(Roughly) Daily

“Every decently-made object… is not just a piece of ‘stuff’ but a physical embodiment of human energy, testimony to the magical ability of our species to take raw materials and turn them into things of use, value and beauty”*…

Indeed, as the Materials Library of the Institute for Making at UCL brilliantly demonstrates, that’s often true of the materials themselves…

The Materials Library is a collection of some of the most wondrous materials on earth, gathered from sheds, labs, grottoes and repositories around the world. It is a resource, laboratory, studio, and playground for the curious and material-minded to conduct hands-on research through truly interdisciplinary inquiry and innovation. The collection is accessible to Institute of Making members day to day, and to the public at Materials Library Discovery sessions.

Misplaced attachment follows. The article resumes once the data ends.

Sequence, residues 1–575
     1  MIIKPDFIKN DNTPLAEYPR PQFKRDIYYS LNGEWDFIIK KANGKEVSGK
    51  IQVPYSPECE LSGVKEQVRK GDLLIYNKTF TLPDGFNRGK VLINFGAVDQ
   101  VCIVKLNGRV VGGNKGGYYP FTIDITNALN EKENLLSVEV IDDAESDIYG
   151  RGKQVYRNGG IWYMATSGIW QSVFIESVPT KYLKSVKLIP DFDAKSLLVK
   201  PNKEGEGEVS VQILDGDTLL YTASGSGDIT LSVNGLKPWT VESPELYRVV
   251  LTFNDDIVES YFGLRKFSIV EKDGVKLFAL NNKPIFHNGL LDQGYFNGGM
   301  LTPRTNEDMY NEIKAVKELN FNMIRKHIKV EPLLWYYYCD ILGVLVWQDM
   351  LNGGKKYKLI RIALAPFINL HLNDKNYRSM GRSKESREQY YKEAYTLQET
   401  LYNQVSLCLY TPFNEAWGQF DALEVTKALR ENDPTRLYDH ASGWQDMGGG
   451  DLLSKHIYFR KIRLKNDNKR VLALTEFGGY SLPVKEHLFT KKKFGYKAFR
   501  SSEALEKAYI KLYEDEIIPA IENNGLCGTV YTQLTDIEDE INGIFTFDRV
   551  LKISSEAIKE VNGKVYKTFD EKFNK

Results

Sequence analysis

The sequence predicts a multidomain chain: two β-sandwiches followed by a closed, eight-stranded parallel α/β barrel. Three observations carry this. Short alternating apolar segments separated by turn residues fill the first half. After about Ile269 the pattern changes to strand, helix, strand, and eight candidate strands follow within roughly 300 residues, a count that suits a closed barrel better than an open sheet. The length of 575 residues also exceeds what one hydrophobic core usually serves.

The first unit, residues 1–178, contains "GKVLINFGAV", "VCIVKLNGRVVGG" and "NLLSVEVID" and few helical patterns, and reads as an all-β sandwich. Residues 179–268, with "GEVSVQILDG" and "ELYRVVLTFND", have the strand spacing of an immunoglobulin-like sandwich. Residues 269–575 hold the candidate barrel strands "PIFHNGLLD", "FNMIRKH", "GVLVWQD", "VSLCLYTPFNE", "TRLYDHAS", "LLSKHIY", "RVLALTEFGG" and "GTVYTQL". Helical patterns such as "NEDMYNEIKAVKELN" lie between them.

The Materials Library @ucl.

Kevin McCloud

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As we celebrate stuff, we might spare a thought for Addison Emery Verrill; he died on this date in 1926. An invertebrate zoologist, museum curator, and university professor, he is best remembered as curator of zoology at the Peabody Museum of Natural History at Yale University, where he developed one of the largest, most valuable zoological collections in the U.S.

Verill trained under Louis Agassiz at Harvard; then, at age 25, became Yale University’s first professor of Zoology. His lifelong devotion to taxonomic research yielded the development of extensive collections at Yale in a wide variety of taxa. From 1871-87, while he was in charge of scientific explorations by the U.S. Commission of Fish and Fisheries, Verrill found and described hundreds of new marine specimens. His expeditions took him to the Atlantic and Pacific coasts of North America and to Hawaii and Central America. He published more than 350 papers and monographs, including descriptions of more than a thousand species of animals in virtually every major taxon. His breadth of interests included parasitology, mineralogy and botany.

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Written by (Roughly) Daily

December 10, 2022 at 1:00 am

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